1590s, "condition of being logically dependent; relation of a thing or person to that by which it is supported;" 1610s, "that which depends for its existence upon something else;" see dependent + -cy. Originally also dependancy, on the French model, but the Latinate form gradually pushed this into disuse; see -ance and compare dependant (n.). Meaning "territory subordinate to another nation" is recorded from 1680s.
1620s, "to settle with colonists, plant or establish a colony in," from stem of Latin colonus "tiller of the soil, farmer" (see colony). From 1630s as "to migrate to and settle in." It is attested by 1790s in the sense of "to make another place into a national dependency" without regard for settlement there (such as in reference to French activity in Egypt or the British in India), and in this sense it is probably directly from colony.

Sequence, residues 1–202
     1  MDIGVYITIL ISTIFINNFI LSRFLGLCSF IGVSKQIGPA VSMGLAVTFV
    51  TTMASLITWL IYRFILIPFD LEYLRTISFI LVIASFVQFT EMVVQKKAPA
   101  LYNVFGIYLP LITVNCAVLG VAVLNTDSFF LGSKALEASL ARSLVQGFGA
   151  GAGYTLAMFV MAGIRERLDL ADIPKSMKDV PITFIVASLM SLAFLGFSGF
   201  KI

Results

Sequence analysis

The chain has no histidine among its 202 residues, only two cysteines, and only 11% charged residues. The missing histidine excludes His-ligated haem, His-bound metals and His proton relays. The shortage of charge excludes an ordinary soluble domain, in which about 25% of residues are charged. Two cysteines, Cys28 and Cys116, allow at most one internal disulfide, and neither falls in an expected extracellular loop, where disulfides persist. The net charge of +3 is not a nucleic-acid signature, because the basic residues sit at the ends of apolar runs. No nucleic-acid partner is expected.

No principle ought ever to be tolerated or acted upon, that does not proceed on the basis of India being considered as the temporary residence of a great British Establishment, for the good government of the country, upon steady and uniform principles, and of a large British factory, for the beneficial management of its trade, upon rules applicable to the state and manners of the country. [Henry Dundas, Chairman of the East-India Company, letter, April 2, 1800]
Related: Colonized; colonizing.